Photo of the Week:
Streets of Asmara, Eritrea

 

Researching a trip to Eritrea, the bulk of the (admittedly very limited) information available points to one major draw: the Art Deco Architecture of capital city Asmara. An Italian colony from the 1880’s till 1947, the European influence is notable throughout the country but particularly in Asmara. Italian-era theaters, ornate villas housing consulates and government offices, street-side cafes serving up macchiatos and pasta, and the sound of Italian as a second-language among the older generations.

Art Deco Architecture of Asmara Eritrea

But there are other sides, as well, deeply religious (the population is roughly split between Islam and Christianity) and passionately family-oriented; but also notorious for human rights abuses and restrictive government policies and an ongoing border dispute with Ethiopia that has gone unresolved for more the than 25 years since Eritrea’s independence. Walking the streets of Asmara, there are subtle hints of so many aspects of the country’s history. Minarets and steeples tower over the town, and fantastic architecture fronts small streets and large. But generators also stand outside every profitable shopfront, a reflection of power troubles and a struggling economy, and many of the most historic buildings have fallen into disrepair and disuse without the funds to maintain the agings infrastructure.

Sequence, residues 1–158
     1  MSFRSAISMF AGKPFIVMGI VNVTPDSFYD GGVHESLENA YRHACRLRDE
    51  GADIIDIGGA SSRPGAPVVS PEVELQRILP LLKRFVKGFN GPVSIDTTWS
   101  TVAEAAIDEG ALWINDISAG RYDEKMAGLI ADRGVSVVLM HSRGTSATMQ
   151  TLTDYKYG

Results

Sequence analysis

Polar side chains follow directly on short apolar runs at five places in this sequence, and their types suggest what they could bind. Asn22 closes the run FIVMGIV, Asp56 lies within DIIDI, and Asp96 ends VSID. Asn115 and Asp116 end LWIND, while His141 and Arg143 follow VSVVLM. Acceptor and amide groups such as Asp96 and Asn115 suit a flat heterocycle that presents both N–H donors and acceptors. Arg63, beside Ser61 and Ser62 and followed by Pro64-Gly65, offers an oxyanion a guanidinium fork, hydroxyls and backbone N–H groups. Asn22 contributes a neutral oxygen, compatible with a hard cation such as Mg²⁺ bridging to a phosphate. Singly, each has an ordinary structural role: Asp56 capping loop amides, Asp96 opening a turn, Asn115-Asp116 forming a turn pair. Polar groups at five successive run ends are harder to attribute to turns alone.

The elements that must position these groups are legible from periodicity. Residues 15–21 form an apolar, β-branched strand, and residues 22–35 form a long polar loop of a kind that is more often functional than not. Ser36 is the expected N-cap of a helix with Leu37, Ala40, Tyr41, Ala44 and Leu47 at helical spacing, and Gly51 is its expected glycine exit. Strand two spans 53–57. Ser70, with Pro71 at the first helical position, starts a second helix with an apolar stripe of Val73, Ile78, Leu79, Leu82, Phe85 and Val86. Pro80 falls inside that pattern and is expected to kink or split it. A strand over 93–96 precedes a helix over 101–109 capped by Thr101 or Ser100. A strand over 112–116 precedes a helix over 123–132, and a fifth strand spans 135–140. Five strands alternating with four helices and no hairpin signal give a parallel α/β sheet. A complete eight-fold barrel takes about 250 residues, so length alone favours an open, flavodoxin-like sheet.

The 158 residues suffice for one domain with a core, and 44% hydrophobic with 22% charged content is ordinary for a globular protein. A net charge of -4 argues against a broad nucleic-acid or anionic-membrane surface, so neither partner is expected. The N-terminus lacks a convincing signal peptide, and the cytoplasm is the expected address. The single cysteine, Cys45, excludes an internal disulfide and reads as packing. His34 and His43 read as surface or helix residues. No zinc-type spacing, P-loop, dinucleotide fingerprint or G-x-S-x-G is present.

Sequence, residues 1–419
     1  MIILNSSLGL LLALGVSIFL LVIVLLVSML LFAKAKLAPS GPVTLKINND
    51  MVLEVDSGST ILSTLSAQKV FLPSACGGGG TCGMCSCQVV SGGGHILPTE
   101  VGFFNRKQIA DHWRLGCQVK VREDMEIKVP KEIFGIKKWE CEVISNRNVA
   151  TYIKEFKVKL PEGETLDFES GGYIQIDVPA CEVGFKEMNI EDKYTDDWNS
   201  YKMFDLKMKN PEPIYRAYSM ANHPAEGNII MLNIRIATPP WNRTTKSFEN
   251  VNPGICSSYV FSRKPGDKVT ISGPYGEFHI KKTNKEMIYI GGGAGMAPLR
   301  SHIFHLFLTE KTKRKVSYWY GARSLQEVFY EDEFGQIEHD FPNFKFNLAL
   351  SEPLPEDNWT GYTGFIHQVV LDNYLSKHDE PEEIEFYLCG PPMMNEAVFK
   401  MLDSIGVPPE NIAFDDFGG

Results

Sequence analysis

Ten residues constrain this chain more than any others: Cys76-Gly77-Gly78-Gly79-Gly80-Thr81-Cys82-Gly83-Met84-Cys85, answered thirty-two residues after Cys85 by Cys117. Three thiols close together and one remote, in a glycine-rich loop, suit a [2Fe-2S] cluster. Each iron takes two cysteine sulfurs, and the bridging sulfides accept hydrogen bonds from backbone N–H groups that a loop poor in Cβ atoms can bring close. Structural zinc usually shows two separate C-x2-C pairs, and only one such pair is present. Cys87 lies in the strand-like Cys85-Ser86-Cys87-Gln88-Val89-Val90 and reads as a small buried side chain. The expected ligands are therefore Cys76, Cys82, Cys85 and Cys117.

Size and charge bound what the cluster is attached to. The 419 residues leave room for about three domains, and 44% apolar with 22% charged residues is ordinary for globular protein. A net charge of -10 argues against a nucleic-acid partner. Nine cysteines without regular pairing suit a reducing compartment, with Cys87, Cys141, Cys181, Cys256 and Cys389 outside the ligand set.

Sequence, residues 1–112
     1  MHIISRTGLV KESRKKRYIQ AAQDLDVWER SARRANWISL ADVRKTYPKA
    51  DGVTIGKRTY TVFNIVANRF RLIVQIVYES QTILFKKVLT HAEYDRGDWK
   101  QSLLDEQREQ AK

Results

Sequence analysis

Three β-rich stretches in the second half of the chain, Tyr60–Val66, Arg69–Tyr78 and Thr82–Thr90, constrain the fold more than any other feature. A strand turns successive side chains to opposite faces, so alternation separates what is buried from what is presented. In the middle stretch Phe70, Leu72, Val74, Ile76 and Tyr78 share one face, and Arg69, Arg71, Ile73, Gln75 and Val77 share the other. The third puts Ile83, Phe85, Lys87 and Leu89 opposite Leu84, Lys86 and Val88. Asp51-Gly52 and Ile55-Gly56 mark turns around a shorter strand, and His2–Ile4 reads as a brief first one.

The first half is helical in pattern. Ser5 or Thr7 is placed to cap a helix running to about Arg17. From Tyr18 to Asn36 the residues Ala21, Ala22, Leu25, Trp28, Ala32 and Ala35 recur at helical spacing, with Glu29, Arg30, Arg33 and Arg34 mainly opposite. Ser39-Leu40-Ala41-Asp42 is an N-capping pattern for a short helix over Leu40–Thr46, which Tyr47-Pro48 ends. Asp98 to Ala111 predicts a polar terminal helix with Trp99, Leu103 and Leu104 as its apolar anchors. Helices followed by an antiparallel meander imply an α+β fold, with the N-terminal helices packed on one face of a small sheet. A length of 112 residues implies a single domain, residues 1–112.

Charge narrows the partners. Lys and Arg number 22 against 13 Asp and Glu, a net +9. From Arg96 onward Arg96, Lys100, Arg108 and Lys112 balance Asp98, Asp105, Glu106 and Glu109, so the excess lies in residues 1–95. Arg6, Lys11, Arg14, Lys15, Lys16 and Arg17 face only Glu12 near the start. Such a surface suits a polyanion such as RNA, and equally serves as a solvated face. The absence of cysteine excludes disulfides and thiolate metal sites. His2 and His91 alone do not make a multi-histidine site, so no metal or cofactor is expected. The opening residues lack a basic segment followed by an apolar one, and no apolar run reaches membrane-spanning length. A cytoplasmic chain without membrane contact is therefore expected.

Devout woman ascending the steps to Enda Mariam Orthodox Cathedral in Asmara Eritrea.

It’s a beautiful city, and indeed a beautiful country. People are fantastically friendly, utterly hospitable, and English is so commonly spoken that it’s easy to make friends and learn about the country and the culture. But it’s also a country plagued by problems both common (currency troubles, high unemployment) and unique (travel is nearly impossible, National Service unavoidable, and dissent tightly controlled) that discourage tourist visits and hamper many aspects of local life.

Italian Market and Cathedral in Asmara, Eritrea.

It’s a fascinating country, with plenty of difficulties but also great rewards, and exploring the cultural nuances of the country’s turbulent past is just the beginning.

What do you think?
Have you ever considered a visit to Asmara, Eritrea?
Would you go?